There are various policies governing waste and resource recovery in Australia. This includes the National Waste Policy, which outlines roles and responsibilities for collective action by businesses, communities, governments and individuals. There are also policies at the local and state level, which are often tailored to respond to particular issues in a region.
In Queensland, we have the Waste Reduction and Recycling Act 2011, which contains a suite of measures aimed at encouraging recycling and reducing waste generation and landfill disposal. The Act outlines offences for mismanagement of waste as well as requiring government bodies to have waste management plans in place.
Queensland’s Resource Recovery and Waste Strategy
With increasing demand from the community for action on issues such as plastic pollution, new strategies are also being introduced around the country to further improve recycling and reuse of resources across industries. In March 2018, the Queensland Government announced a comprehensive new strategy to increase recycling and recovery.
The goal is to:
- Provide the resource recovery and waste sector with the policy certainty that has been lacking, leading to significant underinvestment in new and expanded resource recovery infrastructure in Queensland.
- Prioritise waste types for action and identify key re-investment opportunities.
It is underpinned by a waste disposal levy aimed at encouraging businesses to find ways to recycle their waste rather than sending it to landfill. For example, there are a variety of special recycling plants that accept plastics for reuse.
The levy is set to come in place on 1 July 2019. Below are the proposed rates which are set to increase by $5 on 1 July every year.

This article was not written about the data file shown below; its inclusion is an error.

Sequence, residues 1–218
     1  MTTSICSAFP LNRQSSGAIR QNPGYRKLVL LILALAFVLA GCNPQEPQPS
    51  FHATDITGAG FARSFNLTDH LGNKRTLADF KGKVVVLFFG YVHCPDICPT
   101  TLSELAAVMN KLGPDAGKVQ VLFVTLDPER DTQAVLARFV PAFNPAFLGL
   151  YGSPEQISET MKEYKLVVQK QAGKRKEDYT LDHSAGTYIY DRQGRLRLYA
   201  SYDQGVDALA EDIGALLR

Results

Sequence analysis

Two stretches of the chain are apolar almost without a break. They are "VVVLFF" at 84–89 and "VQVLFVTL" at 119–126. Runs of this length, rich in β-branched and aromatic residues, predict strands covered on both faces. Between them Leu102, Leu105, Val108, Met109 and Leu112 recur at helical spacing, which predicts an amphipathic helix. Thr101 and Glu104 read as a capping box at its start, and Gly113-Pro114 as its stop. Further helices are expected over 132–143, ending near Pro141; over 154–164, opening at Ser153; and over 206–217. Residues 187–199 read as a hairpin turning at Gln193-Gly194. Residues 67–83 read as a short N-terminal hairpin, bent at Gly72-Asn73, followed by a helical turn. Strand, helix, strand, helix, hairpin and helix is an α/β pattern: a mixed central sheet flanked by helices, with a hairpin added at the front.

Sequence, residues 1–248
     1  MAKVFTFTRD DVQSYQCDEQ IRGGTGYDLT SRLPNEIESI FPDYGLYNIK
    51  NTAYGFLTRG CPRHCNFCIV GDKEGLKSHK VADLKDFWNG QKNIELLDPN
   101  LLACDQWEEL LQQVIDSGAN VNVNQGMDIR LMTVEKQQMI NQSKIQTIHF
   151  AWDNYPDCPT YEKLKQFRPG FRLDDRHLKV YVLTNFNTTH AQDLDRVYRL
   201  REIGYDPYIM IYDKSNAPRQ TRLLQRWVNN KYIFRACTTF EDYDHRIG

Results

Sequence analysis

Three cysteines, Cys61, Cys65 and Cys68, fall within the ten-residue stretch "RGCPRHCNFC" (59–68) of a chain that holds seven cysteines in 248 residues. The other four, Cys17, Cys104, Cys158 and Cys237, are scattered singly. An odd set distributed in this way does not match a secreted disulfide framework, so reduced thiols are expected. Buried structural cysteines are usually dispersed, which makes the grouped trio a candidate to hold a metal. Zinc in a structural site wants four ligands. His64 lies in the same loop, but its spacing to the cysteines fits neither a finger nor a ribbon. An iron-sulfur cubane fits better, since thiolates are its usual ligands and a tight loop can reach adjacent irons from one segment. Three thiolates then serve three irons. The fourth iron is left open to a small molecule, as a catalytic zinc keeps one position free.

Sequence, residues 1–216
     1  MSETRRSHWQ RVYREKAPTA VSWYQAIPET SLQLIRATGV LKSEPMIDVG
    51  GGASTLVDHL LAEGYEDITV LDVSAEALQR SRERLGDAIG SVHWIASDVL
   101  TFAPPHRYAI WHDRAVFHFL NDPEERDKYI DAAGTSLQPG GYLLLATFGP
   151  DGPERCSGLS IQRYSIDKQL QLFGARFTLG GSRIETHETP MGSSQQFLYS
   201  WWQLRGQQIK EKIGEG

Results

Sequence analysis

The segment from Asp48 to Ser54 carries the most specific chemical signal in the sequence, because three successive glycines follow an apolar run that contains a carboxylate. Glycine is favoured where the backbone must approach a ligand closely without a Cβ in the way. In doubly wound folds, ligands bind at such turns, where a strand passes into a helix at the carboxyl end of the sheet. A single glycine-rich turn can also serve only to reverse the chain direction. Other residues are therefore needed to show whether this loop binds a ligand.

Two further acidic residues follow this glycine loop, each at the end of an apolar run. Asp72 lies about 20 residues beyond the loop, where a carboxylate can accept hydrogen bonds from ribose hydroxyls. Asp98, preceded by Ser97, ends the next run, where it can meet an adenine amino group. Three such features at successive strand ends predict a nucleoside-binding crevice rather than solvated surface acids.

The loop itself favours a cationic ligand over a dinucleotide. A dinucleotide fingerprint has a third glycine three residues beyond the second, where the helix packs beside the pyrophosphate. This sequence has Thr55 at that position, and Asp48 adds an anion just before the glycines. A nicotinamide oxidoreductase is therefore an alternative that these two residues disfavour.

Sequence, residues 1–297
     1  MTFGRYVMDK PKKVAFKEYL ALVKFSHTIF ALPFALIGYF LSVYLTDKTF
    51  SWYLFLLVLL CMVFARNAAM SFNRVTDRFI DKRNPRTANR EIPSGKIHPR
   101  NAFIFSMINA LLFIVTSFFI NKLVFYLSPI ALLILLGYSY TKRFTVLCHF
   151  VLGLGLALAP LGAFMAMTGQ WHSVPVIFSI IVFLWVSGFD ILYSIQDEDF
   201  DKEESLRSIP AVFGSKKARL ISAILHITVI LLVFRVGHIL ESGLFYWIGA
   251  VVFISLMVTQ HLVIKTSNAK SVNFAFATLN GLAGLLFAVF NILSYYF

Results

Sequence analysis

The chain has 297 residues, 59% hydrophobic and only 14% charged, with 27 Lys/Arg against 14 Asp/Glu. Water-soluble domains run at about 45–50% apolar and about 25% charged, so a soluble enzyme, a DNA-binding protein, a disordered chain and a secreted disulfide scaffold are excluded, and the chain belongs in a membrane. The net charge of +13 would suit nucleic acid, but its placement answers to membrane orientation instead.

- $75 per tonne of general waste (includes municipal solid waste, commercial and industrial, construction and demolition)
- $155 per tonne of regulated waste: category 1 (includes pharmaceuticals, oxidising agents, cyanides, fire debris, mercury, organic solvents and more)
- $105 per tonne of regulated waste: category 2 (includes sewage, tyres, asbestos, acids, animal effluent, grease trap and food processing waste, lead, mineral oils and more)
There are exemptions for things like waste resulting from natural disasters and certain types of lawfully managed and transported asbestos.
How Businesses Can Respond to Waste Policy
It may soon be more economical to find ways to recycle or reduce waste than to take it to landfill. There are many organisations that recycle materials for a range of industries, for example, repurposing construction waste. At Dolphin Plastics & Packaging, we have a recycling and pelletising machine to recycle and incorporate any waste material produced into other goods to minimise our contribution to landfill. Our recycling percentage is between 60%-90% of all waste. Reusing this recycled material ensures materials are manufactured from sustainable raw materials and there is a significant reduction in our environmental footprint.
We also have an on-site recycling program, where any plastic materials that cannot be processed through our on-site recycling facility get sent to a recycling plant in Brisbane. There they use the recycled material to manufacture a wide range of different plastic products.
Need Sustainable Plastic Solutions?
Dolphin Plastics & Packaging is a leading flexible packaging manufacturer based in Queensland. We are committed to producing sustainable plastic packaging solutions for organisations in a variety of industries across Queensland and down the east coast of Australia.
To find out more about how we can help you, call Dolphin Plastics & Packaging today on (07) 5610 5278 or contact us online.